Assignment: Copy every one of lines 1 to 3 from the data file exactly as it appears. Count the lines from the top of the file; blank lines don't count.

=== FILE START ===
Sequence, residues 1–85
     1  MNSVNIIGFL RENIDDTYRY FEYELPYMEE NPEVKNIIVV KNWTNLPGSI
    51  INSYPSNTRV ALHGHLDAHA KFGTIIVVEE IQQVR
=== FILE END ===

Sequence, residues 1–85
     1  MNSVNIIGFL RENIDDTYRY FEYELPYMEE NPEVKNIIVV KNWTNLPGSI
    51  INSYPSNTRV ALHGHLDAHA KFGTIIVVEE IQQVR